"Content is king" — have you heard that before? It's not without reason. High-quality, high-value content is vital to the success of your business online. There's one problem, though. Many brands don't even know where to start. Let's dive a little deeper into blogging for beginners, and what you can be doing to see progress with your own content.
Blogging for Beginners: 6 Tips to Keep in Mind When You Write
1. Prioritize Quality Over Quantity, Always
More isn't necessarily better. Producing one amazing blog a week is far better than producing five low-quality ones. Google isn't going to care that you churned out five new pieces of content in one week. Your website visitors aren't going to care, either. In fact, creating content in this matter will only hurt you.
Yes, you need to be producing fresh content on a regular basis. But you should make quality a priority. This is what Google is looking for, and this is what will keep your website visitors coming back for more.
2. State the Main Topic in the First Paragraph
We'd say that people have the attention span of a goldfish, but we wouldn't want to offend the goldfish. You have seconds — literally, a few seconds — to grab readers' attention and convince them that they've come to the right place.
For this reason, you need to get to the point in the first paragraph and no later. Your readers should know almost immediately exactly what they will learn if they stick around and read the rest of your blog. Don't make them guess. Don't make them wait. Don't play hard to get. They don't have the patience for that.
If you need an example, check out the first paragraph of this blog. You learn pretty quickly that if you keep reading, you're going to pick up some new tips about blogging for beginners. Simple.
3. Break Your Text Up
Nobody likes reading huge paragraphs. Actually, they won't read huge paragraphs, period. Nothing is a turn-off quite like giant blocks of text. You want plenty of white space in your blog content. It's more reader-friendly and also helps them read faster. You want people to feel like they can fly through your content with ease.
There are several ways to break up text:
- Use bullet points and numbered lists, just like this.
- Insert plenty of attractive images.
- Write short paragraphs.
- Use headings.
And speaking of headings...
4. Use Headings to Convey Your Main Points
Many people, if not most, aren't going to read your content word for word. Rather, they skim. This means you need to make your content "skimmable."
People should be able to read just the headings of your blog and still gather a fairly good idea of what you're talking about. Again, let's use this blog as an example. In the first paragraph, you know you're going to get tips for blogging for beginners.
If you continue to read just the headings, you'll know what those tips are:
- Prioritize quality over quantity.
- State the main topic in the first paragraph.
- Break your text up.
- Use headings to convey your main points.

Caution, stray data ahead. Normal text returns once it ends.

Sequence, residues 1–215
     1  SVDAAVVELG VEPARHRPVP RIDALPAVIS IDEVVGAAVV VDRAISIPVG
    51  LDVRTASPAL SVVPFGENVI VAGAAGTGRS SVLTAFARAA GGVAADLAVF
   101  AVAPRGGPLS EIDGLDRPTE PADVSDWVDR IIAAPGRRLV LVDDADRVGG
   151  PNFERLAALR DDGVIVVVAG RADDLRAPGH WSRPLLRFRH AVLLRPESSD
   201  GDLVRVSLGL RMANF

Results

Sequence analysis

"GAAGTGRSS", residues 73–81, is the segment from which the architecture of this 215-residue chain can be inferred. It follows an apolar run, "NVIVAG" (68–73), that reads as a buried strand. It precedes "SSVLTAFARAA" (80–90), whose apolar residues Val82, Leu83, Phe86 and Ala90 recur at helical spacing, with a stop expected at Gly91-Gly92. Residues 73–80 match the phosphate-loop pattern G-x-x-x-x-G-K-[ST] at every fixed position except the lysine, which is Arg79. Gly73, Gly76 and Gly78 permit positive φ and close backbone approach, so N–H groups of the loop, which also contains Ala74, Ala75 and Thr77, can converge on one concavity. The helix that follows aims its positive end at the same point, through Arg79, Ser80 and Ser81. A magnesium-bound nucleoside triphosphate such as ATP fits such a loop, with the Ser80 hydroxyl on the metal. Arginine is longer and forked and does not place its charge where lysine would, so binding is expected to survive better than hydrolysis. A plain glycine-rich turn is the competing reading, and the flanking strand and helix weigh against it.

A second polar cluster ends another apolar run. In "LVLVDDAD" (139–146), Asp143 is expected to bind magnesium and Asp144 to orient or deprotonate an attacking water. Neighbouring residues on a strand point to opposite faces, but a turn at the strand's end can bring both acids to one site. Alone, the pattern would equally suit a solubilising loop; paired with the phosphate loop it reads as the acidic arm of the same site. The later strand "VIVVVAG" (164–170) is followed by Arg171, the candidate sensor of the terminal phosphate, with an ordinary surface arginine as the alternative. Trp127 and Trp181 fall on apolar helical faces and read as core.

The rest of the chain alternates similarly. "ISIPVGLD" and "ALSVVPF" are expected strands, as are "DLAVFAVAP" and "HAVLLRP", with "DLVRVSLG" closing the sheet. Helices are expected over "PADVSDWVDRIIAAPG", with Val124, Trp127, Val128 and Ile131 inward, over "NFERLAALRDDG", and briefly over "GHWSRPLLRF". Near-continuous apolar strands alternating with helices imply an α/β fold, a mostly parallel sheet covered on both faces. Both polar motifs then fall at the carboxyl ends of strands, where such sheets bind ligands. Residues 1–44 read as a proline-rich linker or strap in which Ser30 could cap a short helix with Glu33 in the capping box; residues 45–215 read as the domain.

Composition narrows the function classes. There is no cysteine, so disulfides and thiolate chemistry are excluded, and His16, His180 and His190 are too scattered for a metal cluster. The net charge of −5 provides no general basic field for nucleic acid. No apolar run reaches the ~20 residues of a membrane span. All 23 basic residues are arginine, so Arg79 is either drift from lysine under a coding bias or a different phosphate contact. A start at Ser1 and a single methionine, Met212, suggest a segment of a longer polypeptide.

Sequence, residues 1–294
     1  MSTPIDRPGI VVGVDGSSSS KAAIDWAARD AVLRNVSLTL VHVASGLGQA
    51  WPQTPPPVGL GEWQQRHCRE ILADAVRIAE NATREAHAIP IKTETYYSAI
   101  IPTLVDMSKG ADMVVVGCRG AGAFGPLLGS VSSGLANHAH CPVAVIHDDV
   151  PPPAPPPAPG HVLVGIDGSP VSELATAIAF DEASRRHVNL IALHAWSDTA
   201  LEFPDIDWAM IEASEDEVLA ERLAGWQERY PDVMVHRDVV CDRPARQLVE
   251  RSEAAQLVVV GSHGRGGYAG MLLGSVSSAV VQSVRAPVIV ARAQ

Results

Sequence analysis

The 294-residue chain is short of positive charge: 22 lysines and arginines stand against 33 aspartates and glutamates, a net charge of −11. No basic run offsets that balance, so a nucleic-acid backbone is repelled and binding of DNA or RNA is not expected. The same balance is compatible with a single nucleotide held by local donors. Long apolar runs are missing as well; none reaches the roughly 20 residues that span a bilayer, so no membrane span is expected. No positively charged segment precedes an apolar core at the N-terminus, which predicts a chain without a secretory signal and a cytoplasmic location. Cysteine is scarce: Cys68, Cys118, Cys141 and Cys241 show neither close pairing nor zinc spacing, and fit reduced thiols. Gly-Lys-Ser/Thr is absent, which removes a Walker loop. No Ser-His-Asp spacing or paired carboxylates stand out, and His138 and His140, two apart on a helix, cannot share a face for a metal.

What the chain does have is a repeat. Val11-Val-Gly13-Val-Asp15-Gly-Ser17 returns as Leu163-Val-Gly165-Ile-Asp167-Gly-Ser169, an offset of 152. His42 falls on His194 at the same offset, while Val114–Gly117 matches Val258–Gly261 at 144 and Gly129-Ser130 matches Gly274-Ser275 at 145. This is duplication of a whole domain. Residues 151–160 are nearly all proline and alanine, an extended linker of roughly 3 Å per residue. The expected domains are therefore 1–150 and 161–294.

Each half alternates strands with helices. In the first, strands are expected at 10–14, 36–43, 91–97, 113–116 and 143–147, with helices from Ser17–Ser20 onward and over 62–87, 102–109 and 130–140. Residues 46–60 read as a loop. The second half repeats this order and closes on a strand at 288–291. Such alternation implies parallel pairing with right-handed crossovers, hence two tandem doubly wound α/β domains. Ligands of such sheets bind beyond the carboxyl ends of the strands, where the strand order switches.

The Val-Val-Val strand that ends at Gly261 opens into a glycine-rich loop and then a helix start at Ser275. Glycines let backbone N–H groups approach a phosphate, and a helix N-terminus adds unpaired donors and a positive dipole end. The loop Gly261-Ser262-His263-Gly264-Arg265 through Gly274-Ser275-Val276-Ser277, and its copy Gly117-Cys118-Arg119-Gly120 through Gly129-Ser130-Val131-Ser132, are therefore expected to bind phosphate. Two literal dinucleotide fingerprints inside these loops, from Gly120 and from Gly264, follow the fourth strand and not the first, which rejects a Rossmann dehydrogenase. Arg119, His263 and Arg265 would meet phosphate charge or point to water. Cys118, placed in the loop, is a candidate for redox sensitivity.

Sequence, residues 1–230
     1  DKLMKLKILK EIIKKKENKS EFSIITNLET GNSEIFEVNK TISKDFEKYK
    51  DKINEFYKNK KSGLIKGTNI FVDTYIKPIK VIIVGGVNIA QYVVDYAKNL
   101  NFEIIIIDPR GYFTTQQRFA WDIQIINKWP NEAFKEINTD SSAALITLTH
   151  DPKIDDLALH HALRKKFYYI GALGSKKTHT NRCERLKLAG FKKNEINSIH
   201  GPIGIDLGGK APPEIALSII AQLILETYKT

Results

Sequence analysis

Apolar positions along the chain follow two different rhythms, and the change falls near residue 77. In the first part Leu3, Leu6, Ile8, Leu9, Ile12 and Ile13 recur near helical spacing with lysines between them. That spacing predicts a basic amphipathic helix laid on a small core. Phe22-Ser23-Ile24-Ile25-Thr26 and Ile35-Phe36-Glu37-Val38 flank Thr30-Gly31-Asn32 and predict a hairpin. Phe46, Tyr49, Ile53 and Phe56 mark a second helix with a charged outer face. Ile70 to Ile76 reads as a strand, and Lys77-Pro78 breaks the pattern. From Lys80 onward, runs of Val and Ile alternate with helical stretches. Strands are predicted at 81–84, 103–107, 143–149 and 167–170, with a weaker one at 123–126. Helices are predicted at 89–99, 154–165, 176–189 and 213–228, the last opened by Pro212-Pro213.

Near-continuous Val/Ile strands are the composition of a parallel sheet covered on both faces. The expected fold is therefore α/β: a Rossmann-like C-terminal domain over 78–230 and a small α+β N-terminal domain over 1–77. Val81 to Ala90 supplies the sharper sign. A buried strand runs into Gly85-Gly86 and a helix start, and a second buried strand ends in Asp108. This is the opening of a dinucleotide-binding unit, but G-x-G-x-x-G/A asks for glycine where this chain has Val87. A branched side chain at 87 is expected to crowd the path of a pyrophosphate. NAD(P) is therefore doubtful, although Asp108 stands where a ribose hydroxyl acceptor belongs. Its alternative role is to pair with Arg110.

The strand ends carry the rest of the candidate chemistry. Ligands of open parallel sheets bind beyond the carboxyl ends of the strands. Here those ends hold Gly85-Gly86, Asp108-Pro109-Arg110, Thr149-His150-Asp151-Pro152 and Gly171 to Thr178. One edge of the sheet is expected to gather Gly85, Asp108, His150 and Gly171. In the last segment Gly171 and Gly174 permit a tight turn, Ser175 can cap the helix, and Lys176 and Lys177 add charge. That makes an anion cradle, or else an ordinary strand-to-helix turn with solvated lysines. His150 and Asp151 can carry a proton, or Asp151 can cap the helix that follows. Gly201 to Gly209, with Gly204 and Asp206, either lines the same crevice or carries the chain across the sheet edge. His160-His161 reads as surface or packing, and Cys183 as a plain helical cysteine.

And so on.
5. Aim for 1,000 Words or More
Google uses a number of factors to determine how to rank you. One of them is the kind of experience they believe you'll provide for readers. If they think your blog is awesome, they'll rank you higher. If they don't, say hello to page 10 of Google, because that's where you're going to end up. Womp womp womp.
So, you need your blogs to provide a flawless experience. This is hard to do in 300 words. How much value, how much information and education and entertainment, can you provide in 300 words? Not much.
Plus, 300 words won't keep people on your page very long. Google doesn't like this. Don't upset Google.
While there's no magic word count (that we know of) that Google absolutely loves, a widely accepted rule of thumb is to aim for 1,000 words. For even better results, go for roughly 1,600.
Now, here's an important question: Is longer better? If you have the time, knowledge, and resources, should you produce something longer? You certainly can. Neil Patel says that his blogs are always a minimum of 4,000 words. He's even produced content closer to 10,000 words — with great results.
Should you always do this? No. It won't always be appropriate or necessary. Also, don't assume it's the best move, even though it is for Neil Patel. The point is this: 300-word blogs won't cut it. Invest the time and resources into producing content with a little more meat on its bones.
6. Include a Few Internal and External Links
Let's back up.
An internal link is a link that points to your own website. For instance, when we link to any page on Adlava — like this blog on the benefits of YouTube — that's an internal link.
An external link is a link that goes to an outside source — like when we link to Neil Patel's website. Be sure to set these to open in a new window. Otherwise, you're sending people away from your website, and we don't want to do that.
Google likes to see these links. Internal links help direct people to other pages on your website that they might be interested in. External links help back up the claims that you make and also provide additional resources for the reader to explore.
Just be sure that your external links are high-quality. Spammy or otherwise low-quality links are a no-no. Forbes is great. Wikipedia is not. You feel us?
Don't go crazy with links, either. Once again, more isn't always better. In fact, too many links can hurt you, because it makes each individual link less powerful. Quality over quantity, people. Quality over quantity.
Content creation is a full-time job. Need help? Contact Adlava, and let's chat more.